Gospel Oak to Barking line closure starts 4 June: Gospel Oak to Barking - map

Monday 23 May 2016

Gospel Oak to Barking line closure starts 4 June

Region & Route:
South East

Customers and local residents are being reminded that major upgrade work to the London Overground route between Gospel Oak and Barking will result in a phased closure starting Saturday 4 June 2016, as part of Network Rail's Railway Upgrade Plan. In total an eight month closure of the railway is needed to carry out this vital work. 

Network Rail is delivering the project, which is funded by the Department for Transport and Transport for London (TfL). The project will see TfL introduce new four-car electric trains to replace the existing two-car diesel trains from January 2018, helping to meet growing passenger demand. 

Network Rail will carry out major work including lowering four sections of track on the route, installing structures to carry the overhead wires and rebuilding four bridges, which will take place in two phases and result in changes to train services. From Saturday 4 June to Sunday 25 September 2016 there will be no service between South Tottenham and Barking. Trains will run on weekdays between Gospel Oak and South Tottenham, however not at weekends. TfL will be providing rail replacement buses which will operate along the route.

From Monday 26 September 2016 to February 2017, a full closure in both directions from Gospel Oak to Barking is required.

A short summary video of the project can be watched here www.networkrail.co.uk/gobe

Network Rail’s Route Managing Director, Richard Schofield, said: “Passenger demand is growing, particularly in London, and Network Rail is carrying out major upgrade work to build a bigger and better railway for passengers as part of its Railway Upgrade Plan. Electrifying a Victorian railway like this one is major engineering work to create the extra space needed for overhead power lines. It would be impossible to do this without closing the railway and I would like to thank passengers and local residents in advance for their patience and understanding while we carry out this vital modernisation.”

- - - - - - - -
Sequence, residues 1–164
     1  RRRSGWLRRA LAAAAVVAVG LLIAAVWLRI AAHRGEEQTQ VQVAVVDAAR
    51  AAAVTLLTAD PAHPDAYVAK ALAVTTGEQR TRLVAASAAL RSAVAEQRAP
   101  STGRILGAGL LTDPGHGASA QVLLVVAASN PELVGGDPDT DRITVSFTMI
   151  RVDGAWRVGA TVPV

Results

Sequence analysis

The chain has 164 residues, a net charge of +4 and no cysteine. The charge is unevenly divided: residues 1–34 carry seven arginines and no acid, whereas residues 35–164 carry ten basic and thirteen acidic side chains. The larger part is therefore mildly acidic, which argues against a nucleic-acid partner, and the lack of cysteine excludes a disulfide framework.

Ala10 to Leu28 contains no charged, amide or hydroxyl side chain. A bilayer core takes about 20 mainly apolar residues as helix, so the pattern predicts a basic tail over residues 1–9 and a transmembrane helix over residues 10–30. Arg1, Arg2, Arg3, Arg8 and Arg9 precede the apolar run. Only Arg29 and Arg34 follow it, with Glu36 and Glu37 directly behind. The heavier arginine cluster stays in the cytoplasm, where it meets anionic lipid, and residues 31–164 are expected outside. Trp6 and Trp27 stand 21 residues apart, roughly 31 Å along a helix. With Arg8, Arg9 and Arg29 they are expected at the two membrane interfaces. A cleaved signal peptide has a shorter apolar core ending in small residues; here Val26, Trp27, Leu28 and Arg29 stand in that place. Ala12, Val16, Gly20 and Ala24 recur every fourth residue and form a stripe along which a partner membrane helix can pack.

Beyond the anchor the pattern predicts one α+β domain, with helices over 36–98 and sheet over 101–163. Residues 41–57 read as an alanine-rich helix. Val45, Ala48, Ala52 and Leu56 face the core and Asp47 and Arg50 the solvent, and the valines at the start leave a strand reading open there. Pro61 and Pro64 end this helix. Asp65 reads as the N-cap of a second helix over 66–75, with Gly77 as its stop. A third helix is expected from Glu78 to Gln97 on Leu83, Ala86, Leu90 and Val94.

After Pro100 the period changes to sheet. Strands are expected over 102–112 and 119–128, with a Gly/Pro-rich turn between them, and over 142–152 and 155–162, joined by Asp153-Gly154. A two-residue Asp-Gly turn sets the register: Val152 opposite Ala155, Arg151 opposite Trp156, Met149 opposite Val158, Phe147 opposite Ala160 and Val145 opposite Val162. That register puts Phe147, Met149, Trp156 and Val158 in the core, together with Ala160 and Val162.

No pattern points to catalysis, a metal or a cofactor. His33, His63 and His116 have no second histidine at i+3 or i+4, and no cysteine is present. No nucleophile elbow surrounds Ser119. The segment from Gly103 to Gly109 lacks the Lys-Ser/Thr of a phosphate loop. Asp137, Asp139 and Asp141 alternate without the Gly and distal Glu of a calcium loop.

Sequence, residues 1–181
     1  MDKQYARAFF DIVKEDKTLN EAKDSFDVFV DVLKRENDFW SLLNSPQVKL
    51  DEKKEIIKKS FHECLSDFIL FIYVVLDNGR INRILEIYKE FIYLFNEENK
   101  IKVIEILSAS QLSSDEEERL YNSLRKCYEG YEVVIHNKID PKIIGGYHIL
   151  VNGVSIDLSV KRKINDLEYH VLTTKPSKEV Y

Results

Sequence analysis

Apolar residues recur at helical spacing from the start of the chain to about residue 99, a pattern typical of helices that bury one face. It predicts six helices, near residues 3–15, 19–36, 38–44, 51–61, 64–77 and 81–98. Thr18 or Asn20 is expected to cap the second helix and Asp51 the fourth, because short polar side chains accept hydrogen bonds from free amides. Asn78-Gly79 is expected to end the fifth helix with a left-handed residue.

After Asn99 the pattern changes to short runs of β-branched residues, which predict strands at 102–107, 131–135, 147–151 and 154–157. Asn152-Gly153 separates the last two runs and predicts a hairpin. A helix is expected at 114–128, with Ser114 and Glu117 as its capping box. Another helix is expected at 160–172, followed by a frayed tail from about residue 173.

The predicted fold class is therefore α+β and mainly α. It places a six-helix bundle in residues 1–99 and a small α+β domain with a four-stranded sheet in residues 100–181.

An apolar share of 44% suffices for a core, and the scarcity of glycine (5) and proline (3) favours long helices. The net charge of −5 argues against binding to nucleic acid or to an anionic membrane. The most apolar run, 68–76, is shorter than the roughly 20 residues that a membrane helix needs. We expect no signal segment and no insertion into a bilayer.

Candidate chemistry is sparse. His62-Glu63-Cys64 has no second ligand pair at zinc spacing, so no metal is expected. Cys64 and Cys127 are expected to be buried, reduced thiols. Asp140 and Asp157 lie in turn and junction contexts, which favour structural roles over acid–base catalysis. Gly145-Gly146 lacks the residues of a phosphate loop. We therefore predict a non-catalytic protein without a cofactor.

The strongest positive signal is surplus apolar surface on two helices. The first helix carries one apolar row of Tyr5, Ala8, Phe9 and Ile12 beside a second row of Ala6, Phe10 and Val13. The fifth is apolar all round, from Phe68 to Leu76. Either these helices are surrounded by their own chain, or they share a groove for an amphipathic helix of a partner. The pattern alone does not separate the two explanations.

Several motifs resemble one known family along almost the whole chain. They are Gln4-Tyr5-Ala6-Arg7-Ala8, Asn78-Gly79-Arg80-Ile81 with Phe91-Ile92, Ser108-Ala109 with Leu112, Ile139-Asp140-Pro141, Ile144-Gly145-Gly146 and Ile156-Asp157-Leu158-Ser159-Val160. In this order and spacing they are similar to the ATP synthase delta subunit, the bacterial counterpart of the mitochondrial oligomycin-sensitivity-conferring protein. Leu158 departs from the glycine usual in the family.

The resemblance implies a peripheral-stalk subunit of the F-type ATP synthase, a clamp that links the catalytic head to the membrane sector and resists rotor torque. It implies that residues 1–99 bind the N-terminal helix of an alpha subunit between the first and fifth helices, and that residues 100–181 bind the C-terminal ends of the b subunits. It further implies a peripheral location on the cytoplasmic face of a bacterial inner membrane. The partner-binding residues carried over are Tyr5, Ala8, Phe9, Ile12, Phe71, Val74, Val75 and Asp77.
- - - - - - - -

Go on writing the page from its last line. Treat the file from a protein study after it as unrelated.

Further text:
Mike Stubbs, TfL’s Director of London Overground, said: “The work being carried out by Network Rail will enable us to run new longer walk-through trains on the line from January 2018, which will double capacity on the route.

“We, along with Network Rail, have been publicising the work and the alternative travel arrangements and have held drop-in sessions at all 12 stations along the route to ensure that customers are well informed. We know that there will be disruption and would like to thank customers in advance for their patience in the upcoming months while this essential work takes place.”

From June to September two replacement bus services will operate as follows:

  • Service T: Walthamstow Central - Leyton Midland Road - Leytonstone High Road - Wanstead Park - Woodgrange Park – East Ham– Barking.
  • Service J (weekends only): Gospel Oak - Upper Holloway - Crouch Hill - Finsbury Park - Harringay Green Lanes - Seven Sisters (for South Tottenham).

There is no replacement bus service between South Tottenham and Walthamstow Queen’s Road stations and customers are advised to use the Victoria line which is a faster alternative. Full details of the alternative travel and ticketing arrangements can be found at: tfl.gov.uk/london-overground-closure.

Regular pay as you go users of the Gospel Oak to Barking line will be automatically refunded the additional cost of travel via Zone 1 by Tube or rail.

From February 2017 onwards further works to have the line ready for electric trains will take place during evenings and weekends only and will be completed by the end of June 2017.



Notes to editors: 


Contact information

Passengers / community members
Network Rail national helpline
03457 11 41 41

Latest travel advice
Please visit National Rail Enquiries

Network Rail press office - Katie Mack
Media relations manager (Anglia route)
020 3356 2515

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We own, operate and develop Britain's railway infrastructure; that's 20,000 miles of track, 30,000 bridges, tunnels and viaducts and the thousands of signals, level crossings and stations. We run 20 of the UK's largest stations while all the others, over 2,500, are run by the country's train operating companies.

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